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A comparative study on culture conditions and routine expansion of amniotic fluid-derived mesenchymal progenitor cells


Gucciardo, L; Ochsenbein-Kölble, N; Ozog, Y; Verbist, G; Van Duppen, V; Fryns, J P; Lories, R; Deprest, J (2013). A comparative study on culture conditions and routine expansion of amniotic fluid-derived mesenchymal progenitor cells. Fetal Diagnosis and Therapy, 34(4):225-235.

Abstract

Background: Amniotic fluid (AF) cell populations will be applied in perinatology. We aimed to test the feasibility of large-scale cell expansion. Study Methods: We determined the best out of three published expansion protocols for mesenchymal progenitors (AF samples, n = 4) in terms of self-renewal ability. Characterization was performed based on morphology, surface marker analysis, cytogenetic stability, and differentiation potential. The conditions for the best self-renewal ability were further determined in a consecutive series (n = 159). Results: The medium containing fetal bovine serum (FBS), epidermal growth factor, insulin, transferrin, and tri-iodothyronine, combined with seeding on gelatin-coated wells, best stimulated the growth of cells with mesenchymal features, as demonstrated by flow cytometry; however, only osteogenic differentiation was possible. Large-scale testing (n = 44) failed to confirm a robust self-renewal ability. Better results were obtained (n = 88) using optimized FBS or an increased initial cell density. Eventually over 81% of cultures continued growing after the initial medium change and had mesenchymal features but failed differentiation assays. Discussion: Routine in vitro expansion of AF-derived mesenchymal cells remains problematic. Despite an increase in successful cell cultures from 40 up to 80% using optimized serum and an increased cell density, eventually cells failed to demonstrate differentiation abilities. Routine isolation and expansion from unselected AF samples remains a challenge.

Abstract

Background: Amniotic fluid (AF) cell populations will be applied in perinatology. We aimed to test the feasibility of large-scale cell expansion. Study Methods: We determined the best out of three published expansion protocols for mesenchymal progenitors (AF samples, n = 4) in terms of self-renewal ability. Characterization was performed based on morphology, surface marker analysis, cytogenetic stability, and differentiation potential. The conditions for the best self-renewal ability were further determined in a consecutive series (n = 159). Results: The medium containing fetal bovine serum (FBS), epidermal growth factor, insulin, transferrin, and tri-iodothyronine, combined with seeding on gelatin-coated wells, best stimulated the growth of cells with mesenchymal features, as demonstrated by flow cytometry; however, only osteogenic differentiation was possible. Large-scale testing (n = 44) failed to confirm a robust self-renewal ability. Better results were obtained (n = 88) using optimized FBS or an increased initial cell density. Eventually over 81% of cultures continued growing after the initial medium change and had mesenchymal features but failed differentiation assays. Discussion: Routine in vitro expansion of AF-derived mesenchymal cells remains problematic. Despite an increase in successful cell cultures from 40 up to 80% using optimized serum and an increased cell density, eventually cells failed to demonstrate differentiation abilities. Routine isolation and expansion from unselected AF samples remains a challenge.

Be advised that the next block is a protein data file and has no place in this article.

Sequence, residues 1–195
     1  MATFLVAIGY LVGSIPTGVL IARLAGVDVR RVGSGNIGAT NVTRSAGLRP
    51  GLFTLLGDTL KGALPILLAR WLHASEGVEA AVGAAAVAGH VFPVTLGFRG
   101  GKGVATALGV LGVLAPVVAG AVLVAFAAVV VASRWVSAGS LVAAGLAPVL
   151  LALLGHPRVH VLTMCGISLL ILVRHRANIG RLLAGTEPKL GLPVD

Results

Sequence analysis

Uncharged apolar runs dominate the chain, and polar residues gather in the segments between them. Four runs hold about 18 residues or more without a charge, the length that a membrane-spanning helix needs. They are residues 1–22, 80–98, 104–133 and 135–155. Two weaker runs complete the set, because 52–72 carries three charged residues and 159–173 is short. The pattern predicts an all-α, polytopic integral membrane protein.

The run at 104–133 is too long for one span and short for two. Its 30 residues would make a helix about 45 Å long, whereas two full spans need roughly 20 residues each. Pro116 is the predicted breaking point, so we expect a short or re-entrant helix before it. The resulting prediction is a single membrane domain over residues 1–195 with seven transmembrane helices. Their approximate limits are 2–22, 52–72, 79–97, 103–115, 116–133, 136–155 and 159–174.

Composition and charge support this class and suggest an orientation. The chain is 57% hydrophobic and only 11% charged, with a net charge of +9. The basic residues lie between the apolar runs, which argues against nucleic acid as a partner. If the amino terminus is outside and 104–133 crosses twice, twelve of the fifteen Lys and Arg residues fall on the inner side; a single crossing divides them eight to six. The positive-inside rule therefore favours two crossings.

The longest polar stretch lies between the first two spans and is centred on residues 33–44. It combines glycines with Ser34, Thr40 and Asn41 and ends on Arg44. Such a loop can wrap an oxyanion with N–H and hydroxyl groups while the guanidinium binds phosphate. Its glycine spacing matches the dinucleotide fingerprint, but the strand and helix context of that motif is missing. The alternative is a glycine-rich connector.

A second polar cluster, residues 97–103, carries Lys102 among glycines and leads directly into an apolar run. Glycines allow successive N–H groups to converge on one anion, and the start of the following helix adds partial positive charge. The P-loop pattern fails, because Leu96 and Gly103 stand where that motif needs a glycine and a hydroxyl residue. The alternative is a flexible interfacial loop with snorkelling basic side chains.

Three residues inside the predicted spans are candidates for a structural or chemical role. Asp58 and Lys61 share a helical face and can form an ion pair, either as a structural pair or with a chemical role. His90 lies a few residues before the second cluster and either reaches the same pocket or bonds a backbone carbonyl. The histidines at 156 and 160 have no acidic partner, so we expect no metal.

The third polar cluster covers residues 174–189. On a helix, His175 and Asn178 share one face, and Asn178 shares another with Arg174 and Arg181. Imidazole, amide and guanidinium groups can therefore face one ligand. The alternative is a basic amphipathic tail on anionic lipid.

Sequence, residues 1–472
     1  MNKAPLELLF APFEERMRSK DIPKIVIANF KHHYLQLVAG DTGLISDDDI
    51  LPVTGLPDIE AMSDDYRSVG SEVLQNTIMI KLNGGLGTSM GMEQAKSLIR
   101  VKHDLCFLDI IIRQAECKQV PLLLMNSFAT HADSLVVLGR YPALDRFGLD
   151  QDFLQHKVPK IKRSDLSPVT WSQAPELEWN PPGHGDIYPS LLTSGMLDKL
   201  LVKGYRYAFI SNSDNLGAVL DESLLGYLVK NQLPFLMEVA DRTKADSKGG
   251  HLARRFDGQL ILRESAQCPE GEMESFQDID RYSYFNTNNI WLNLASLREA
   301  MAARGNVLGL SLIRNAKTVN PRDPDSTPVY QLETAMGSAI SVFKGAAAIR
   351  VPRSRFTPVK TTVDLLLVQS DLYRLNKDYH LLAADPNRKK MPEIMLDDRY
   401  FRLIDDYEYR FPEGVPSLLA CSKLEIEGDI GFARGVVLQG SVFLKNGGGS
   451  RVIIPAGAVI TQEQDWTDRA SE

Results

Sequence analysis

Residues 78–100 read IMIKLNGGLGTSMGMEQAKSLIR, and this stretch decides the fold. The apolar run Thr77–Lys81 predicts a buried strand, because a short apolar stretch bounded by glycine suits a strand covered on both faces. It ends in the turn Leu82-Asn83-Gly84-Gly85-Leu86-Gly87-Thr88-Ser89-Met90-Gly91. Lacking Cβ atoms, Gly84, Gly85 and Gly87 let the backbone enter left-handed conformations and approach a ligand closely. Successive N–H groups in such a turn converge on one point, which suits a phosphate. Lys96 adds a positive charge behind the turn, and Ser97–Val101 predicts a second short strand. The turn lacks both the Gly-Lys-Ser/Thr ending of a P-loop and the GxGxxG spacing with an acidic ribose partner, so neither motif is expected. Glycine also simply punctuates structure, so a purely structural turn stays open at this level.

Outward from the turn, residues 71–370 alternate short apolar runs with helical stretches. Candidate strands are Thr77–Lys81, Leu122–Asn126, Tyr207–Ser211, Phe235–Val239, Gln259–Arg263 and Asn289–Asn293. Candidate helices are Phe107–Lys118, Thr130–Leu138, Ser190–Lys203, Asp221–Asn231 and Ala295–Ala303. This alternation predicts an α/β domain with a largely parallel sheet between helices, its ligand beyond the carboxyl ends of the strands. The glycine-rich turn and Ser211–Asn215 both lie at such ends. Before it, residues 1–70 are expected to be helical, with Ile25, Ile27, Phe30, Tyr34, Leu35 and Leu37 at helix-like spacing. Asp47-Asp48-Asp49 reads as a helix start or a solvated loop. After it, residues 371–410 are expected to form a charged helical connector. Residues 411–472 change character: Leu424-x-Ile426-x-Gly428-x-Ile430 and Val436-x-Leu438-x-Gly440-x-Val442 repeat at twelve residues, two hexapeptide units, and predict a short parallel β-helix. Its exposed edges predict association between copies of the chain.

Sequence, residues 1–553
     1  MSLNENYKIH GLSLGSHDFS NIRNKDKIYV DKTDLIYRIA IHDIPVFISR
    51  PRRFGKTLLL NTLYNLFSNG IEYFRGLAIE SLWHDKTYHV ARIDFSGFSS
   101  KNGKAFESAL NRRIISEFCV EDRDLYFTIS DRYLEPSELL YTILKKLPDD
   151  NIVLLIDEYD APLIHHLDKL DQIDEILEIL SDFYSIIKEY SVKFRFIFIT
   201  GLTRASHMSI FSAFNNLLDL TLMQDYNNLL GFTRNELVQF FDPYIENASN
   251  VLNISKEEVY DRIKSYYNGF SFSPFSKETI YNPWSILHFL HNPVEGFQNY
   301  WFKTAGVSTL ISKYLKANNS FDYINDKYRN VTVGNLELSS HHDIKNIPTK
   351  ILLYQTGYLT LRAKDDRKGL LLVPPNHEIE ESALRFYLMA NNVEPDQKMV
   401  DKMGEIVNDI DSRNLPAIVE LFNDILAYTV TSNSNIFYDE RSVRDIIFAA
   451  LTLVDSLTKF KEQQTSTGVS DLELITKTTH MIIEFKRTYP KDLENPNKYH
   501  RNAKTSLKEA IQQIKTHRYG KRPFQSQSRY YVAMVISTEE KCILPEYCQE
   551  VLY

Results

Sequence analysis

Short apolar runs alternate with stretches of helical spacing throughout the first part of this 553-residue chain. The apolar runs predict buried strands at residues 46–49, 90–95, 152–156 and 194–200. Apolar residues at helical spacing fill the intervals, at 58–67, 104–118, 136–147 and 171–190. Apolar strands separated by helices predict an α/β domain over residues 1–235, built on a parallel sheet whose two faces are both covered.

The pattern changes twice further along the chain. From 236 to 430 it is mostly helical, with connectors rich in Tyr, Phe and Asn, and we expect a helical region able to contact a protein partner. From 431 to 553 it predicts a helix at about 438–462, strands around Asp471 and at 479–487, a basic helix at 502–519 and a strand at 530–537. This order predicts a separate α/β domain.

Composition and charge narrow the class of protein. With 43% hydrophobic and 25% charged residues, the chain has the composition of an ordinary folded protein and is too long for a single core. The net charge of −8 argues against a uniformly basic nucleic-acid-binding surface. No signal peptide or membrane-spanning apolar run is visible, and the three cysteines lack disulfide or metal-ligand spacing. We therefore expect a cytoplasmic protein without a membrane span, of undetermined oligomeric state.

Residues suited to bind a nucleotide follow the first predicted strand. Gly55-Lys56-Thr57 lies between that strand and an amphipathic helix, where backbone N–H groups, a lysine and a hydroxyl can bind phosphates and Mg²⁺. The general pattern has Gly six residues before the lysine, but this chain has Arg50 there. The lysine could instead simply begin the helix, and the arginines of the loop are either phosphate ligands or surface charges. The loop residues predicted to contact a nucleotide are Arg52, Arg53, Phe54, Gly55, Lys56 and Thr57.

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Additional indexing

Item Type:Journal Article, refereed, original work
Communities & Collections:04 Faculty of Medicine > University Hospital Zurich > Clinic for Obstetrics
Dewey Decimal Classification:610 Medicine & health
Language:English
Date:2013
Deposited On:03 Feb 2014 13:24
Last Modified:09 Jun 2016 07:28
Publisher:Karger
ISSN:1015-3837
Publisher DOI:https://doi.org/10.1159/000354895
PubMed ID:24134897

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